Advances in facial-recognition technology will allow brands to go "beyond anything Cambridge Analytica could ever dream of" in terms of targeting consumers, the ad industry was warned today.
However, Dr Pippa Malmgren, an economist and founder of drone maker H Robotics, also struck an optimistic tone at the Advertising Association’s Lead conference today by insisting that the UK can succeed after Brexit.
She explained how advertising’s future is rooted in ever-more sophisticated methods of data collection and interpretation for brands. Without naming specific brands or how they were regulated, she gave examples of cameras inside TVs that scan viewers' reactions, sensors in clothing that track how often you wear certain items and shoes that can use walking data to determine how healthy a person is.
Malmgren, a former advisor to US president George W Bush, said the industry needs to pay particular attention to SenseTime, the Chinese facial-recognition specialist, which has become the world’s most valuable start-up since launching five years ago.
"SenseTime can now identify a person out of a crowd of 10,000… but, more importantly, it can ID the exact emotional state of every person in that crowd," she said.
"You've heard of Cambridge Analytica – all they had were Facebook 'likes'. We’re now in a world where those who want to advertise can buy all those silos of data and use AI to connect the dots. They can create a psychometric profile that will go beyond anything that Cambridge Analytica could ever dream of."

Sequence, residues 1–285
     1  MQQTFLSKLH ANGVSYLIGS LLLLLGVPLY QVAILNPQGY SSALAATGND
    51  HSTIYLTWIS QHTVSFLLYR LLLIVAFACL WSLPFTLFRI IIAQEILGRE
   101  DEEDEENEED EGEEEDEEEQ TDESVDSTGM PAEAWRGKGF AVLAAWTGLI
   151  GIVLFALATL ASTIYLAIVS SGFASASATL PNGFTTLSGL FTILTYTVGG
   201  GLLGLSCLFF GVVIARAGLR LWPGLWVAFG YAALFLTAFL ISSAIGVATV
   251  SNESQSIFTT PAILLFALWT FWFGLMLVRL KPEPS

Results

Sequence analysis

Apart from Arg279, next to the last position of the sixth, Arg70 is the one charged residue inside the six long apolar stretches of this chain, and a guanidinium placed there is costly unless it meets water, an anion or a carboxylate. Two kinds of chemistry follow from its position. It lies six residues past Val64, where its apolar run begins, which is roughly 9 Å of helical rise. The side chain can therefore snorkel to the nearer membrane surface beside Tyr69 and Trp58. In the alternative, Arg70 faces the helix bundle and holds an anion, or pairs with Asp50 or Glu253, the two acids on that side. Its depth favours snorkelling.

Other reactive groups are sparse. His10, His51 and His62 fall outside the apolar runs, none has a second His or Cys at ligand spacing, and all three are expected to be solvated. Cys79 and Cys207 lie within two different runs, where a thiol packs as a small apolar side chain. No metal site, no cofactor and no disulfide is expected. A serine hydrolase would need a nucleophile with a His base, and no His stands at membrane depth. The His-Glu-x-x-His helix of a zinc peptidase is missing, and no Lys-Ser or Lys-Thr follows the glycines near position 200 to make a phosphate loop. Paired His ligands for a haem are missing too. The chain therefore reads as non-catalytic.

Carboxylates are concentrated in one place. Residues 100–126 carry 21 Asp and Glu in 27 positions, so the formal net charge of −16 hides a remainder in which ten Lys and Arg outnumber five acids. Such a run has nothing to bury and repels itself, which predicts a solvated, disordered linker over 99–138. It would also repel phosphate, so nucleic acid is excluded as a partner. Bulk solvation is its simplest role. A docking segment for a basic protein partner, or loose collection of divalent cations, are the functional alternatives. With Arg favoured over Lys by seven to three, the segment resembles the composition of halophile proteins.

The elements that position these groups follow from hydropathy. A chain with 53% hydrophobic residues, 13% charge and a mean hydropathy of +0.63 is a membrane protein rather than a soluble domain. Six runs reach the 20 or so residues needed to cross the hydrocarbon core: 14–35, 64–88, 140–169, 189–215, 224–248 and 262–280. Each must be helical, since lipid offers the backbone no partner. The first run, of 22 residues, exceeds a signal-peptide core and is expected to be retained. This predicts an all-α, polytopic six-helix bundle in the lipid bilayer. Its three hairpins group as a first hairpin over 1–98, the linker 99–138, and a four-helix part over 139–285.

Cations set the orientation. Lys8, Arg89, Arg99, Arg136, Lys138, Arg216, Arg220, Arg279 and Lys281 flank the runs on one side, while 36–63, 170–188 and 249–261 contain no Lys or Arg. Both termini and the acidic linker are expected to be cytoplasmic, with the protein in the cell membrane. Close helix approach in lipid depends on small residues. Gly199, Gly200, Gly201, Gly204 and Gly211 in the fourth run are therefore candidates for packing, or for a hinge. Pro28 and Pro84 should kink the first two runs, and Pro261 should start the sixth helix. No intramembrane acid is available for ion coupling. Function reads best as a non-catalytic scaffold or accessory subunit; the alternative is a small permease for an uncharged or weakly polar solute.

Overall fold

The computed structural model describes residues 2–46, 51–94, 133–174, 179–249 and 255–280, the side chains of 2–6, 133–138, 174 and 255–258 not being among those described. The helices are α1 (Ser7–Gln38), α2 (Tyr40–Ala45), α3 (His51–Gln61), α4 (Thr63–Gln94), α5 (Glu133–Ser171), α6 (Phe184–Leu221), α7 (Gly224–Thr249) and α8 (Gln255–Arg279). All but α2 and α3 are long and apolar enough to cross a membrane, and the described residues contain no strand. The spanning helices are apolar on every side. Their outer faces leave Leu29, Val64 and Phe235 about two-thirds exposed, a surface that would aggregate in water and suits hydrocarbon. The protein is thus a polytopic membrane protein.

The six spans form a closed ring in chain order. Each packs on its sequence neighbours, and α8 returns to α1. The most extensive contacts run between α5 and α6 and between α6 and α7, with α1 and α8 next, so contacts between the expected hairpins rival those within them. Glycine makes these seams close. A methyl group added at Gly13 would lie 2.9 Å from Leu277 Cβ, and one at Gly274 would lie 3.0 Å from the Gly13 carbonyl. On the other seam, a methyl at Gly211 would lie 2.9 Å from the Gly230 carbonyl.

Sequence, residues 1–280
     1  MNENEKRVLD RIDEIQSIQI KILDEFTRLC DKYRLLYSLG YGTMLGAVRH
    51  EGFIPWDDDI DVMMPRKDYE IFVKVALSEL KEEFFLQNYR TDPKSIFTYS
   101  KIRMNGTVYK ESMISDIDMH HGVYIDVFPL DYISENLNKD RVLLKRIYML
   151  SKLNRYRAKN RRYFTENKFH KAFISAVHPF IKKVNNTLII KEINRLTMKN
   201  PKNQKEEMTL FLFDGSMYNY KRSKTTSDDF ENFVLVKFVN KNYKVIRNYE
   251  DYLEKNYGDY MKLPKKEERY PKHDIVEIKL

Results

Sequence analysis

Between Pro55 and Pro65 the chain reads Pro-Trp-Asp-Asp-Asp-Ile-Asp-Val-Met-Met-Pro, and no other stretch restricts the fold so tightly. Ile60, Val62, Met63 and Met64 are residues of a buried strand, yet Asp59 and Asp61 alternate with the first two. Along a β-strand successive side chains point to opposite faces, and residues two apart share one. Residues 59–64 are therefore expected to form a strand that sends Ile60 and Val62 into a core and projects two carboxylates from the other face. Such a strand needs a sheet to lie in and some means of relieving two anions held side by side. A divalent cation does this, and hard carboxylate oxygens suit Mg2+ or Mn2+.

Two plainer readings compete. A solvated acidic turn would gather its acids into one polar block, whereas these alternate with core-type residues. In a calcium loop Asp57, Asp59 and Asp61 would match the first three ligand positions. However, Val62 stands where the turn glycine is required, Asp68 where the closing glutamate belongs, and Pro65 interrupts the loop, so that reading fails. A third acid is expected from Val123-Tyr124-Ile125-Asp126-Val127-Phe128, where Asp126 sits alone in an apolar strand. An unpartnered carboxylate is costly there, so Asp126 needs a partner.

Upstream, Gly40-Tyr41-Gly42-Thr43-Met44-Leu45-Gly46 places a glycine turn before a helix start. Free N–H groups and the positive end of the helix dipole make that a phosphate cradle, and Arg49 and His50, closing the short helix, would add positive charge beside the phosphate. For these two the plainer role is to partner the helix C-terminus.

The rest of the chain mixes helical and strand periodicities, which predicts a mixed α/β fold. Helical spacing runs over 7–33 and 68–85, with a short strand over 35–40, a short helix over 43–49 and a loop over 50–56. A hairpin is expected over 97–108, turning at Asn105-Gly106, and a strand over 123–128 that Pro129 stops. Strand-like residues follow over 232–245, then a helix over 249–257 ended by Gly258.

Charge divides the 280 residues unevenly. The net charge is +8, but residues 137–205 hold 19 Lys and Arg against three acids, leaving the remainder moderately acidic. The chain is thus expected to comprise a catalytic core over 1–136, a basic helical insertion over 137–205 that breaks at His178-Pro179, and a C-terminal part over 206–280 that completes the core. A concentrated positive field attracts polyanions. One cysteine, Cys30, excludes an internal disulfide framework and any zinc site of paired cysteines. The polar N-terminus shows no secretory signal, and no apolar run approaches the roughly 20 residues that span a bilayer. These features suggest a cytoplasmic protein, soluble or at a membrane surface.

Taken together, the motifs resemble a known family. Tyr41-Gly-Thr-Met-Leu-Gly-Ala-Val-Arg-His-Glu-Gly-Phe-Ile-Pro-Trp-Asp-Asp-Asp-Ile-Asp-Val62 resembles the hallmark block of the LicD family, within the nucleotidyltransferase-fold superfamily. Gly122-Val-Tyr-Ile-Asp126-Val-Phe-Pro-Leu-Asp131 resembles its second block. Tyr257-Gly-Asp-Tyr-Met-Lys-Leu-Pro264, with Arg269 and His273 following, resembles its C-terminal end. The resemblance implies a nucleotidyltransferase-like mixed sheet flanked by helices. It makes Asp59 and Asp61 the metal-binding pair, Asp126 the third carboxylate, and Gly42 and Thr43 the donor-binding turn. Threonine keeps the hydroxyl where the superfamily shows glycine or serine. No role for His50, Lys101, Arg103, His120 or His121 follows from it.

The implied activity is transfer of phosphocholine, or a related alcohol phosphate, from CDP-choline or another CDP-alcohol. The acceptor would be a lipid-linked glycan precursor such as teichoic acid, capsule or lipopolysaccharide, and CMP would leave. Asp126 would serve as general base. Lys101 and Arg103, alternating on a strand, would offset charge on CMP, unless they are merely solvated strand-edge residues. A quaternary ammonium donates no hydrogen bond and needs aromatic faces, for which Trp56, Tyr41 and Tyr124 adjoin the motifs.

The ability to collect data en masse would be improved in the coming years with the development of supercomputers and quantum computers, such as IBM and Nvidia’s Summit machine, based at Oak Ridge National Laboratory in Tennessee, she added.
"The point is that Summit can process in one second what would take any one of us 6.3 billion years to calculate. This is the new space race and why governments are spending huge amount of money on comp power," Malmgrem said.
Meanwhile, China was no longer as competitive at manufacturing because "costs are out of control", she said. However, the UK’s "quirkiness" and tendency to "do their own thing" would ensure it remained an innovative country.
In the midst of turmoil at Westminster this month over Brexit, today’s Lead conference was dominated by the prospect of the UK leaving the European Union ahead of the 29 March withdrawal date.
Malmgrem pointed to recent examples of tech giants choosing to manufacture in the US and the UK, rather than in Asia, such as iPhone builder Foxconn setting up a factory in Wisconsin. It IPhones are known to be manufactured in China despite being designed by Apple in California.
China, meanwhile, is killing innovation by developing a social credit score that is punishing people for acting outside of cultural norms. Malmgrem claimed that 11 million Chinese people "can not take a flight" beause their score is too low.